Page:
Anemia is a health condition characterized by low hemoglobin levels, or a low red blood cell count, in a patient’s blood. What red blood cell counts are considered “low” by experts in the medical field when below 13.5 grams per 100 milliliters of blood in males and 12.0 grams per 100 milliliters of blood in females.
Anemia is a health condition characterized by low hemoglobin levels, or a low red blood cell count, in a patient’s blood.
Your complete blood cell count can be determined by a doctor with a simple lab test during routine physical exams. For quicker results, your doctor might just prick your finger and perform a hemoglobin test without sending off a blood sample to a lab. Red blood cells are created in a patient’s bone marrow. In an anemic patient, some underlying condition either prevents these red blood cells from being produced at a normal or healthy rate, or causes blood in the patient’s body to be destroyed or lost.
An inadequate level of iron in the blood is another major cause of anemia. Iron is an important component of hemoglobin, so not having enough can cause the red blood cells to either be improperly produced or to malfunction. In many cases, conditions like ulcers—open sores that cause acute or chronic internal bleeding—are a major source of iron deficiency in patients. It is very common that patients do not realize that they are losing iron as a result of underlying conditions, and so they get diagnosed with iron deficiency anemia. Ulcers can also be a side effect of ordinary over-the-counter medications like ibuprofen or aspirin. Another serious cause of iron deficiency anemia is colon polyps or colon cancer, so scheduling a screening test such as colonoscopy or upper endoscopy (EGD) after your blood work shows low iron levels might result in a proper diagnosis of more serious GI diseases, such as colon cancer or kidney failure.
Furthermore, more women than men are likely to have iron deficiency anemia because they lose blood every month during their menstrual periods. However, a menstrual cycle is a natural process and not usually a cause for concern. Bleeding during a woman’s menstrual cycle lasts for merely 3 to 7 days every month and results in a relatively small amount of blood loss. In these cases, little to no symptoms are experienced—although women might notice that they are unable to donate blood during this time. Infants and vegetarians, who usually do not eat foods with sufficient levels of iron, may also have iron deficiency anemia. It is also a hereditary disease that can be passed down through family members.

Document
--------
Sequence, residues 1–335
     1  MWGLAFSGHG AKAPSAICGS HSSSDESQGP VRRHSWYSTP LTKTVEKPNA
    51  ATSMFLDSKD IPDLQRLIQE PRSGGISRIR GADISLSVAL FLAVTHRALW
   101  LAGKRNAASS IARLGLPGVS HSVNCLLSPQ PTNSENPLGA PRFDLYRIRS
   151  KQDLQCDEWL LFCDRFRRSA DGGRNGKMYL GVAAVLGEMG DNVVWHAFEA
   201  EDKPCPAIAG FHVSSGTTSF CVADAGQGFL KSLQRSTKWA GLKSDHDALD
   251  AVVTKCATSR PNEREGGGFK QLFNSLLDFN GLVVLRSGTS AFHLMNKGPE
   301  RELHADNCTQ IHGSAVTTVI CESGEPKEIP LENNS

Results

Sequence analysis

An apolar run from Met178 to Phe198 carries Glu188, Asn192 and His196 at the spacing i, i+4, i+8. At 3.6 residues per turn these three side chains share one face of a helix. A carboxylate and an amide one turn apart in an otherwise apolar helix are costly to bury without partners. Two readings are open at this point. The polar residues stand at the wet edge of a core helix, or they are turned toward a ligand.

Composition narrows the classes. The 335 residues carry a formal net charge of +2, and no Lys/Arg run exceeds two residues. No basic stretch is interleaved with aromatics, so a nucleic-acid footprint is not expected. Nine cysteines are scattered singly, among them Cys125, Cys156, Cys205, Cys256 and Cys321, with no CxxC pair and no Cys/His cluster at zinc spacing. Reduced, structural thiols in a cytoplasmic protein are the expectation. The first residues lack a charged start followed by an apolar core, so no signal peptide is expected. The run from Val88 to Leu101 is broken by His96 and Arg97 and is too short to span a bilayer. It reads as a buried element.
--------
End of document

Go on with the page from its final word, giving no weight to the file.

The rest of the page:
Many anemic patients do not report any symptoms. If the condition lasts for a long time, the body can adjust to the imbalance, so that the symptoms are not noticeable. In more severe cases, however, a low red blood cell count can make an individual experience fatigue, paleness, shortness of breath and heart palpitations (quickened heart beats).
In more severe cases, however, a low red blood cell count can make an individual experience fatigue, paleness, shortness of breath and heart palpitations (quickened heart beats).
Other symptoms include a general feeling of illness and hair loss. In general, the symptoms of anemia are relatively minor unless a patient becomes anemic suddenly (a condition called acute anemia).
Since anemia can result from a variety of causes, from inflammation in the colon to colon cancer, there are many optional screening tests that can be administered in attempt to discover the underlying condition. A colonoscopy procedure will determine whether a patient has pouches (diverticulum) or polyps that are causing bleeding or inflammation in the large intestine. Gastrointestinal bleeding, or ulcers—often signaled by the detection of blood in the stool—is another example of a condition that may cause significant blood loss in a patient diagnosed with anemia. Talk to a medical expert today if you feel that a more serious disease is the source of your anemia. The earlier you can determine underlying causes, the better your chances are of receiving effective treatment.
Reviewed 12/12/2011 by David M. Nolan, M.D.
Diplomate of the American Board of Internal Medicine, 2011
Currently a Fellow of Gastroenterology, at UCI 2011-2014